Women reach menopause at many ages (and sometimes surgically), so I can’t even begin to imagine what it must be like for someone else. I will simply share my story, in the hopes that it will inspire you into your own inquiry and reflection about how your menopause has changed how you think and feel about yourself.
One of the most interesting and challenging aspects of my menopause is that is brought me face to face with my own mortality. Though I had no fantasies about living forever, the reality of my changing body brought the topic of my death to the forefront. Knowing that if I am as long-lived as I would like, I have another 50 years to explore the world in this particular body, gave me a lot to contemplate.
Menopause, like all our other rites of passage is a death. For me, it is a death to the possibility of natural conception, a death to the many ways I have kept myself small and kept my mouth shut when I didn’t toe the party line, a death to acting from duty or fear, a death to the need to be like anyone else but me. And yes, a death to the naive maiden and to the idea of the mother I once wanted to be.
Like many women, I also have aging parents and their mortality has also been on my mind. They are both in good health, but I want to be available to them if needed and so the importance of tending to myself as I navigate this transition is underscored.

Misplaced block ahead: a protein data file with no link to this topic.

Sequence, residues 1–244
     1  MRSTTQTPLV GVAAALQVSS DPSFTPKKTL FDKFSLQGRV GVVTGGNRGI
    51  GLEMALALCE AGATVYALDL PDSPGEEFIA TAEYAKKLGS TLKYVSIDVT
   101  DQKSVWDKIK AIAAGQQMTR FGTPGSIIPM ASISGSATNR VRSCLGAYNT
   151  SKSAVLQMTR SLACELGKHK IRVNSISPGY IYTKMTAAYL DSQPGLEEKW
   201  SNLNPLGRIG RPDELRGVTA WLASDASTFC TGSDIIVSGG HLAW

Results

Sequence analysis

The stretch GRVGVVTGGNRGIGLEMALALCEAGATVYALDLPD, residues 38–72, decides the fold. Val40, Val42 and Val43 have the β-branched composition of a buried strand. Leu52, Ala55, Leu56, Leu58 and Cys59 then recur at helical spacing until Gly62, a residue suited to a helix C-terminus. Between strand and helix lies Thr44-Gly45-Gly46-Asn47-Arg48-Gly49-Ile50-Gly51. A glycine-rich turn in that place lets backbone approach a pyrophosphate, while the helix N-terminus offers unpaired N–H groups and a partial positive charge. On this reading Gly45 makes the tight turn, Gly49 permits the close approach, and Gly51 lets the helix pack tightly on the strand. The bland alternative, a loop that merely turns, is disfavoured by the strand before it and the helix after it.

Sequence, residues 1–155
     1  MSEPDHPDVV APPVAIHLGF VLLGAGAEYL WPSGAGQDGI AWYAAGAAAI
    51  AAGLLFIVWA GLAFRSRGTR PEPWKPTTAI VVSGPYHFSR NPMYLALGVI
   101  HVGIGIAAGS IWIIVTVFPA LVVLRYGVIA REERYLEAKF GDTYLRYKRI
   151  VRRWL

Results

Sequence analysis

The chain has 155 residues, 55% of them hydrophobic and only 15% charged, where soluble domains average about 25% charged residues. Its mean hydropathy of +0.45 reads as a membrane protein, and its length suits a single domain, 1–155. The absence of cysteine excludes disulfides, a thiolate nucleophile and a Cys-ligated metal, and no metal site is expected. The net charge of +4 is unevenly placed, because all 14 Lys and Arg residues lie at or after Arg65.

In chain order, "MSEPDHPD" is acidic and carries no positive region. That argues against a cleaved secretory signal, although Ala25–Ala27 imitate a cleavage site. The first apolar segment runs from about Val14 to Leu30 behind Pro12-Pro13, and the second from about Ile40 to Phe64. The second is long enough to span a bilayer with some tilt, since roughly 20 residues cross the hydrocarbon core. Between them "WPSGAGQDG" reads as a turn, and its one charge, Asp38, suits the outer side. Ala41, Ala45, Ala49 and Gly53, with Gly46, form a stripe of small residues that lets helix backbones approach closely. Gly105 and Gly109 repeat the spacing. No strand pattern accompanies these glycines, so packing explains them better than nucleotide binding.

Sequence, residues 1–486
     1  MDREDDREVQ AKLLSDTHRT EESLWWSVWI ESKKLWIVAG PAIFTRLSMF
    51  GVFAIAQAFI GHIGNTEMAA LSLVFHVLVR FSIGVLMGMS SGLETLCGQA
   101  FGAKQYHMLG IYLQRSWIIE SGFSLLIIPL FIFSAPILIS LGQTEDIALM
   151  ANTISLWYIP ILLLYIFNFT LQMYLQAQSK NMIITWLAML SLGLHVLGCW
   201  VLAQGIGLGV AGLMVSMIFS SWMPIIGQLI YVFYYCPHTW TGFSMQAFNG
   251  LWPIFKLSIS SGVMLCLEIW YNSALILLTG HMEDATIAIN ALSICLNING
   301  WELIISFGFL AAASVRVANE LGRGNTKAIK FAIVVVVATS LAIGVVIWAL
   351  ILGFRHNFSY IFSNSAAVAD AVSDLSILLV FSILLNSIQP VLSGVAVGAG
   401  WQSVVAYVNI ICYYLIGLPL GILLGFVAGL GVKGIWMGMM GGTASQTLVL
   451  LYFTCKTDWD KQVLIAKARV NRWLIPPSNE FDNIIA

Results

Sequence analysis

Old friendships that were based on fitting in or tiptoeing around the truth fell by the wayside. I gently withdrew from other relationships that met the needs of my old self, but were not expansive enough to embrace all of whom I was becoming.
Wrinkles and gray hair became less easy to hide and eventually, out went the hair color as well as my need to look like my younger self (well, mostly…) Clothes didn’t fit anymore either. I started dressing to hide my expanding waistline and realized I looked like one of the middle-aged women I used to avoid looking at. Now she was in my mirror!
As I grieved the passing of my youth and fertility, I also got clear that I was unwilling to take on anyone else’s story about how menopause is or ought to be. I wanted to fashion my own adventure. Inspired by others, but not limiting or defining my personal journey by another’s experience.
So I bought new clothes and found a new circle of friends (all about 10 years older than me) and set about to explore this new landscape.
Who am I becoming as I release the woman I once was?
What do I want to do with the rest of this precious life?
How do I want to honor and cherish myself and the folk I love?
I will attempt to answer these questions in my next post.